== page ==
Tue 4th Sep
Ohhhh…head is pounding! What time is it, what happened, what time did I get in!?!? I muster up the required energy and go see who’s about downstairs and bump into a few from last night and sit and laugh about last nights antics!
Rather than waste the day, a few of us decide to go on the other city tour that Free Walks offers. My head isn’t in this at all but figure I should go. We start at the Congress Palace.
I was hoping for some info on the palace but we’re quickly frog marched down The Avenue (which connects the Congress Palace to the Presidential Palace) and get another rendition of Argentina and Buenos Aires history – independence, to glory days of agriculture etc. I don’t recall being told why, just that its an important road and some buildings were knocked down to accommodate it.
We pass many an interesting place but the information seems to be on repeat mode only rather than anything new or interesting.
On The Avenue or Avenida de Mayo we pass the famous Palacio Barolo.
The Palacio Barolo was designed in accordance with the cosmology of Dante’s Divine Comedy, motivated by the architect’s admiration for Alighieri. There are 22 floors, divided into three “sections”. The basement and ground floor represent hell, floors 1-14 are the purgatory, and 15-22 represent heaven. The building is 100 meters tall, one meter for each canto of the Divine Comedy.
The next building of note is the building of the Ministry of Health which is located on the main thoroughfare of the city Avenida 9 de Julio. It is noticeable because on both the north and south faces it has enormous portraits of Eva Perón.
Former president Cristina Fernandez inaugurated and backed the project. She was given the idea by seeing similar in Cuba of Che Guevara. It was unveiled on the anniversary of her death, 27th July 2011.
Next we pass the La Prensa building famous for being the headquarters of newspaper La Prensa. The Beaux-Arts exterior is notable also for its spire, which is topped by a gilt bronze monument to freedom of the press.
Due to the decline of the newspaper, the Paz family sold the building in 1988 where it became the Ministry of Culture and was declared a national historic monument in 1995.
Our last stop is Plaza de Mayo, the main square and it’s name commemorates the May Revolution of 1810 which started the process of the country’s independence from Spain in 1816.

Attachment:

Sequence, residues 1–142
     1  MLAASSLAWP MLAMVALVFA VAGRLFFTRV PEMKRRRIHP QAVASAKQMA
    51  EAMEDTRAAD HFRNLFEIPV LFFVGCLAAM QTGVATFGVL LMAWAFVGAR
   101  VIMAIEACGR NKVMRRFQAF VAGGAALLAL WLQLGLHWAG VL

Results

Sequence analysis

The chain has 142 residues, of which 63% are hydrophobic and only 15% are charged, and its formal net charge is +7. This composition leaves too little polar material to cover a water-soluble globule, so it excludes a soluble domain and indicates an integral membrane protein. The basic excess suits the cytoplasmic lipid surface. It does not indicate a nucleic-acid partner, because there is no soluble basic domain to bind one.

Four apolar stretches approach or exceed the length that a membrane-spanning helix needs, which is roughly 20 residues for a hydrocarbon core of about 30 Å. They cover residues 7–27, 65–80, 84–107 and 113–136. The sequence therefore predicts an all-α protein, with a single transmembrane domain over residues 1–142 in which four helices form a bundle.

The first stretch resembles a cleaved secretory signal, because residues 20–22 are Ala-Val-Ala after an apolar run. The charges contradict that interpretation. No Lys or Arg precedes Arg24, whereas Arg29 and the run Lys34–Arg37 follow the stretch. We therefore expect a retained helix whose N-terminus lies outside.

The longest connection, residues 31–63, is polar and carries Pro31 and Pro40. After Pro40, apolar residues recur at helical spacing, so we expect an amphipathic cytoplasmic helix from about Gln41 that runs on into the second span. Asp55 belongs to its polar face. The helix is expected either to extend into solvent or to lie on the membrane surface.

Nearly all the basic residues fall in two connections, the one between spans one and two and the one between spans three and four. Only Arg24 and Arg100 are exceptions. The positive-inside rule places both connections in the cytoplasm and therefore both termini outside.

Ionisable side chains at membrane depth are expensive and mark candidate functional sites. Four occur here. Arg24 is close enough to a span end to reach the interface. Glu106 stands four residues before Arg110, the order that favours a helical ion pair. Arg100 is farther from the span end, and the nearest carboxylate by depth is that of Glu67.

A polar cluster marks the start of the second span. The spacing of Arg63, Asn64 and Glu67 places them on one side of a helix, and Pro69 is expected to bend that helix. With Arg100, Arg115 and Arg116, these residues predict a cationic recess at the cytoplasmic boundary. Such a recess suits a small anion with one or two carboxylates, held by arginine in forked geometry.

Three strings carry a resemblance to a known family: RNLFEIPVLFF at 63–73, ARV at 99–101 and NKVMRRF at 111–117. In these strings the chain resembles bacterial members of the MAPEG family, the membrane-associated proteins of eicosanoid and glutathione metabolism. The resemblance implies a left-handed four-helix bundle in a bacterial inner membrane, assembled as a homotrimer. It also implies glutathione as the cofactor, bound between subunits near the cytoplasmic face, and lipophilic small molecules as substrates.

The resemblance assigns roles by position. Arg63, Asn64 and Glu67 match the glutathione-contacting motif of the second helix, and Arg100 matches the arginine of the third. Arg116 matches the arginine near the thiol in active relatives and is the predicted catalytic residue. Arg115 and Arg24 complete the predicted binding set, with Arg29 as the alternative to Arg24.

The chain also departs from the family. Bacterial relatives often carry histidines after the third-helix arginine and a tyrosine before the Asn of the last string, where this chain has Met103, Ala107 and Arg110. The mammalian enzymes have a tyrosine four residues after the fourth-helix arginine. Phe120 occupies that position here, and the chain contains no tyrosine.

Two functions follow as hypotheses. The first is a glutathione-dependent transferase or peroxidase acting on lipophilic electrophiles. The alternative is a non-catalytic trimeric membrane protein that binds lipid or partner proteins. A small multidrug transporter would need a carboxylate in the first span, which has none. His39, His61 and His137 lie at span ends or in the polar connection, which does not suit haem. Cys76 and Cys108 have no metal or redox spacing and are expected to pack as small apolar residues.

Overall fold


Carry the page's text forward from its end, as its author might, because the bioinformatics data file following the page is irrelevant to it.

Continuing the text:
The square is home to a number of important buildings one being the Metropolitan Cathedral. You can tell the Spanish didn’t invest much here as this is one of the most least impressive buildings I’ve seen…especially considering how many phenomenal churches are in Cusco alone.
This does now house the remains of San Martin.
It also houses the Cabildo or Town Council which took years to build, underwent many facelifts and when near completion it’s 3 most northernmost and southernmost arches were removed to make way for The Avenue and another street.
The building most noteworthy is obviously the Pink Palace or Casa Rosada – the home of the president, or government office.
It is considered one of the most emblematic buildings in all Buenos Aires and also declared a national historic monument. It is probably more famous for the balcony than anything else where Eva Peron used to address the masses below in her famous speeches.
Our tour ends here but a bit sooner for us as we bump into some friends from the hostel. We feel a bit bad as we never caught back up with the guide to give her any money. Context wise she’s very good and knows a lot of detail. I would say delivery needs a bit of work thou as addressing your audience and explaining everything with your eyes closed is extremely off putting!
Knackered and needing a rest before tonight, we head back to chill and get ready.
We go for a great dinner at a Vietnamese restaurant called Saigon then it’s on to a tango show. Buenos Aires is the birthplace of the tango so a must for any visitor to the city. Many options are available but the one with dinner didn’t seem worthwhile so we opt for the show only. We pay 650 pesos and the show starts at 10 and the venue I think is at El Querandi. Malbec ordered
and the Argentine tango commences.
It’s incredible. It’s a cozy little place which is quite nice and intimate. The dancers pass our tables to get to the little stage. This venue also has song interludes sang by real tangueros.
I don’t know much about this dance apart from what I’ve watched on Strictly but this is awesome, powerful and seductively sexy.
The show is over before we know it – just over an hour and we’re booted out without being able to finish our drinks which did leave a bit of a bad taste…especially when we were told when booking it finished later than it did.
On the way back to the hostel, someone mentions a cool bar opposite and being the last night for many of us, we can’t resist and head into the bar with the little red door. A few beers down and it’s another late night.
I awake feeling like pants and meet the others at breakfast feeling just the same! We while away the hours laughing and joking in reception until I’m the first to leave. My seat is huge on the bus
and after a few hours of Orange is the New Black, I recline my seat and sleep for 10 hours! Best night bus yet!